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The effects of the helium neon laser on wound healing in rabbits and on human skin fibroblasts in vitro
"The mean epithelialization time was 11±0.63 days for the laser-treated wounds and 12±0.12 days for the control wounds. The difference was not significant. No significant difference was found between the contraction rates of the full-thickness wounds (e.g., on the seventh postoperative day, the average wound area was 70.2±6.75% of original wound area in the laser-treated group and 66.±8.75% in the control group). Histopathologically, epidermal thickening and an increase in dermal vascularity were observed in healed wounds of the laser-treated groups. However, in vitro, this low-energy laser promoted cell growth in human fibroblast cell cultures in 2-and 3-day treated groups (p>0.05)."
Histopathological effects of low level laser therapy on secondary healing of teat wounds in dairy cattle
"The posthealing histoarchitectural view of irradiated specimens, particularly in Groups A and B, suggests that low level laser therapy has a beneficial influence on wound healing."
Effect of different wavelengths of low level laser therapy on wound healing in mice
"No significant difference was observed between the four groups by macroscopic examination. The area of skin defect of the treated groups was significantly smaller than that of the control groups (p < 0.05) from the 1st-13th day after irradiation. For both irradiated and non-irradiated skin defects of treatment groups, Group III was smaller than Group II (p < 0.05) and Group IV was smaller than Group II (p < 0.05) Histological examination of the tissue skin defect showed greater proliferation of connective tissue and blood vessels in the dermis in treated groups than in control."
Evaluation of low level laser therapy on open wound healing of the teat in dairy cattle
"The durations of healing were 18.5 ± 0.5 days for group A; 19 ± 0.7 days for group B; 23 ± 0.7 days for group C; and 24.5 ± 0.5 days for group D, respectively."
Effect of low level energy laser irradiation on wound healing. An experimental study in rats.
"Neither the clinical nor the microscopical examination of the wound healing process revealed any differences between group A1, A2, B1 and B2, during the observation period. This study did not confirm that low level energy laser treatment would affect the wound healing process."
The Effect of Low-Power He-Ne and He-Cd Laser Therapy on Wound Healing of Rats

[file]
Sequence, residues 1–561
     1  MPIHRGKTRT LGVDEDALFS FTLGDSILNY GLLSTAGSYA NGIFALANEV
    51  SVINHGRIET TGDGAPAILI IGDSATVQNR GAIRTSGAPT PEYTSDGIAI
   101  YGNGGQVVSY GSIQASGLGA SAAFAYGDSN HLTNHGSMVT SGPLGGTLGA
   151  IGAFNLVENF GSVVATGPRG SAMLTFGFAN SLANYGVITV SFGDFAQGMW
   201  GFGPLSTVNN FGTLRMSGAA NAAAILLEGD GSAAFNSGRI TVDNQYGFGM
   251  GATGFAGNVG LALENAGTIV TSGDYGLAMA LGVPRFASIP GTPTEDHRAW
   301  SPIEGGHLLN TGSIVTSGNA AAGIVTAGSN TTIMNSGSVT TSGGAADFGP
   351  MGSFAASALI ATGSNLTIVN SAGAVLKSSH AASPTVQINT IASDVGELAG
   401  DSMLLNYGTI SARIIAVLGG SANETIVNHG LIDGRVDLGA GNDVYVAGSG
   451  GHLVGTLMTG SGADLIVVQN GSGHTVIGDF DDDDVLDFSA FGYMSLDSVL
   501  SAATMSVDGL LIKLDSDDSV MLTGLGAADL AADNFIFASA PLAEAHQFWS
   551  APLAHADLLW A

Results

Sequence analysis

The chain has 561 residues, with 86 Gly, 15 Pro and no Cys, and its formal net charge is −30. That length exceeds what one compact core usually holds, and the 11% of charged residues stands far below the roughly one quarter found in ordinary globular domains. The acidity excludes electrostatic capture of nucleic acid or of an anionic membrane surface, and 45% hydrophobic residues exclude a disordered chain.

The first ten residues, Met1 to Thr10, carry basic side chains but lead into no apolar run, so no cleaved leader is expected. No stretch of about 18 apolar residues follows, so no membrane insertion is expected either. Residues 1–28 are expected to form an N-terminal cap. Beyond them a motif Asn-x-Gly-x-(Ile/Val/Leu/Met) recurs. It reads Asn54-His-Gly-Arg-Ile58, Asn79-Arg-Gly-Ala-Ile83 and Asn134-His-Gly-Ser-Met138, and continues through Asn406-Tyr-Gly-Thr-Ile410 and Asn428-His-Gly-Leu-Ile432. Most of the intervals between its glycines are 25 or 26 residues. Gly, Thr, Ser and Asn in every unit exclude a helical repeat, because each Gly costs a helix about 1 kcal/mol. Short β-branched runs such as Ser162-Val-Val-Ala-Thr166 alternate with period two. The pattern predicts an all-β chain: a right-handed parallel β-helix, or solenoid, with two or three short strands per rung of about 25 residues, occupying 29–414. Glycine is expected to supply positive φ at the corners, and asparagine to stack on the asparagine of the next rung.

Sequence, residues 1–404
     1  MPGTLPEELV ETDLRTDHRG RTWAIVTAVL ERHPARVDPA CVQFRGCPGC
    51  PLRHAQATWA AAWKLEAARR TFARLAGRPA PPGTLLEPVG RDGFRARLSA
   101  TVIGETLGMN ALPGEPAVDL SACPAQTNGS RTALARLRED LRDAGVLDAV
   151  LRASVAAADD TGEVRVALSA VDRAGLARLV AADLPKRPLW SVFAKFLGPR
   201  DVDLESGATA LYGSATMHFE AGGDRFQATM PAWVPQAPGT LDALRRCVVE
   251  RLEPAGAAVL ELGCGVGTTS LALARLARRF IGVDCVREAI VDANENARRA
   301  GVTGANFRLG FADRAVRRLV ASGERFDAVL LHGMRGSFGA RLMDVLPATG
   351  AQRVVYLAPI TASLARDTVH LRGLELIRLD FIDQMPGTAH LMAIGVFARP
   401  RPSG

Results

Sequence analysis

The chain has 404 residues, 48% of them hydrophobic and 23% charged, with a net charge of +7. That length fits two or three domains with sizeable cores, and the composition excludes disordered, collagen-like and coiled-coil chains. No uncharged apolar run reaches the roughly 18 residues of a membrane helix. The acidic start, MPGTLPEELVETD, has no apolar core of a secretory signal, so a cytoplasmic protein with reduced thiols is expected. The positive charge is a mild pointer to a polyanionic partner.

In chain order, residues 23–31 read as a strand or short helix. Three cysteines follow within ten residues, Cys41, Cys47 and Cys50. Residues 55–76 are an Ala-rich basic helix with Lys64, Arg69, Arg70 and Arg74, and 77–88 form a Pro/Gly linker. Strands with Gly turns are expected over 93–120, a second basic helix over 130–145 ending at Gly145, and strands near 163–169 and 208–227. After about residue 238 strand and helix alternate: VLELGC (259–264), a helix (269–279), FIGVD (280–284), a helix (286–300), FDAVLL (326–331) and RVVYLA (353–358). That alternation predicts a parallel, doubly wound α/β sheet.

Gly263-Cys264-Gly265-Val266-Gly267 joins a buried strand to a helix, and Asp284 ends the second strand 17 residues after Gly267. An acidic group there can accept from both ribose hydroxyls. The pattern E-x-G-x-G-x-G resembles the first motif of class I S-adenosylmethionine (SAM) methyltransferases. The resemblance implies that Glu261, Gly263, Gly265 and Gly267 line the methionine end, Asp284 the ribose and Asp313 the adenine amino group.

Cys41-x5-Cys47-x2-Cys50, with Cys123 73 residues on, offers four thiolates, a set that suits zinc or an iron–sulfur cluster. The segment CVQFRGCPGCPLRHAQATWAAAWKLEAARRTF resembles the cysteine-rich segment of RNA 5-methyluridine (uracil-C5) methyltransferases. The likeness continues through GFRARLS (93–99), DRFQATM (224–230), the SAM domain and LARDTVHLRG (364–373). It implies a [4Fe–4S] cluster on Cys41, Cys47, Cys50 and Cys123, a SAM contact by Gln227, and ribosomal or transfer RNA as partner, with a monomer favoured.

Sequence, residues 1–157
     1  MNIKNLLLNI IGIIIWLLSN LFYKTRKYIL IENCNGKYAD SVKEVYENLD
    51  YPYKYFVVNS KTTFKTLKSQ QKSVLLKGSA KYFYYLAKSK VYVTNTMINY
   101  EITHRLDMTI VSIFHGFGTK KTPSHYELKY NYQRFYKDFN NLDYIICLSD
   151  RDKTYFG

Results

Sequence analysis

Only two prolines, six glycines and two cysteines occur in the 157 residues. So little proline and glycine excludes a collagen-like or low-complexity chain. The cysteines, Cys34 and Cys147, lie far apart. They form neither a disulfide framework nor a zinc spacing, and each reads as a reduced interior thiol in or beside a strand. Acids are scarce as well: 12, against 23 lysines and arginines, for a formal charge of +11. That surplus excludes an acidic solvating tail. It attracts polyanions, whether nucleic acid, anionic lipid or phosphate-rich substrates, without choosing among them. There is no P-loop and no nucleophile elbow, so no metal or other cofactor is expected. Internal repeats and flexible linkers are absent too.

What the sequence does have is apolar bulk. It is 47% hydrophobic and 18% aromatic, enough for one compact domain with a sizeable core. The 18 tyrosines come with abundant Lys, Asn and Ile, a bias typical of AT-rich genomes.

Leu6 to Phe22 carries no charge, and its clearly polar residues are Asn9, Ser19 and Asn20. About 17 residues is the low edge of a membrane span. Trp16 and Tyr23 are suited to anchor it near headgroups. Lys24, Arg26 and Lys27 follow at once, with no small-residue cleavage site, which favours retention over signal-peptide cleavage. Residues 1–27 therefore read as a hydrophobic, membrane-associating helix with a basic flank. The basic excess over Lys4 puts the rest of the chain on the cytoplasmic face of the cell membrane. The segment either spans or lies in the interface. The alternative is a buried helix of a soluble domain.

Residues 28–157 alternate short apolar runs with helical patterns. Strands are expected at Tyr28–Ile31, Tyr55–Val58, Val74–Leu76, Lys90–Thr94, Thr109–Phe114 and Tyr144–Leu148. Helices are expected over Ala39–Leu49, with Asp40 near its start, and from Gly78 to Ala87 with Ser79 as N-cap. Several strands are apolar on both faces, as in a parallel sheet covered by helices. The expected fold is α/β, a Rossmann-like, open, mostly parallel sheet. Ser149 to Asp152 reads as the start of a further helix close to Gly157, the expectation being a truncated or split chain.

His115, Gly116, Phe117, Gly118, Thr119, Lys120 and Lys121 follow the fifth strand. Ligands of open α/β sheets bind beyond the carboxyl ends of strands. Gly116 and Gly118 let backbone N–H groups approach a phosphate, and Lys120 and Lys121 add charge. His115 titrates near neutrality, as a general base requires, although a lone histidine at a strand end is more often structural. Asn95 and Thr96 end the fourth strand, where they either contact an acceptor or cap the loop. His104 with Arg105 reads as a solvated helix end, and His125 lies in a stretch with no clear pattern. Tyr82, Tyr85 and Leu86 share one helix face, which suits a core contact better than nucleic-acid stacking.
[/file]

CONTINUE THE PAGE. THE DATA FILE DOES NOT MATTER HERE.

"A comparison of the He-Ne and He-Cd laser therapy in this study revealed from 1.57 and 7.84% difference of wound healing acceleration. The acceleration was dependent on the laser dose used. The He-Ne laser yielded better healing possibly due to higher tissue penetration."
Effect of low intensity laser radiation on healing of open skin wounds in rats.
"The mean +/- SD of time required for complete closure in control group was 14.1 +/- 0.86 days (range 12-15 day) while irradiated test wounds took only 10.3 +/- 0.68 days (range 9-12 days) to heal (P < 0.001). Granulation tissue was significantly (P < 0.001) more in test than in control wounds. Early epithelisation with increased fibroblastic reaction, leukocytic infiltration and neo vascularisation was seen in the laser irradiated wounds. The collagen hydroxyproline concentration of scar tissue was also significantly higher (P < 0.001) in test group on 17th post-operative day. The study establishes the biostimulatory effects of low intensity laser radiation on healing of skin wounds."
Effects Of Low Incident Energy Levels Of Infrared Laser Irradiation On Healing Of Infected Open Skin Wounds In Rats
"The results of this study were as follows:
(1) The rate of wound closure was significantly increased in LLL irradiation group.
(2) The incidence of swelling indicating the spread of inflammation was significantly decreased in the experimental group."
Low energy laser irradiation treatment for second intention wound healing in horses.
"There were no differences (p > 0.55) observed in the rate of wound healing between the low energy laser irradiated wounds and the control wounds. There was a significant difference (p < 0.006) observed in the rate of healing between the anatomical sites. Tarsal wounds healed more rapidly than fetlock wounds."
Effect of helium-neon and infrared laser irradiation on wound healing in rabbits.
"[L]aser irradiation at 632.8 nm and 904 nm alone or in combination increased tensile strength during wound healing and may have released tissue factors into the systemic circulation that increased tensile strength on the opposite side as well."
"No differences were found in the rate of wound healing or collagen area."
Failure of a helium-neon laser to affect components of wound healing in vitro.
"Cellular proliferation was not affected by irradiation three times a day for 3 days. There was no effect on cellular migration or on the rate of collagen lattice contraction. The rate of collagen synthesis, measured as the incorporation of 3H-proline into collagenase-sensitive protein, was no greater than that of controls and GAG secretion did not increase in the irradiated group. We have not found any significant effects of He-Ne irradiation."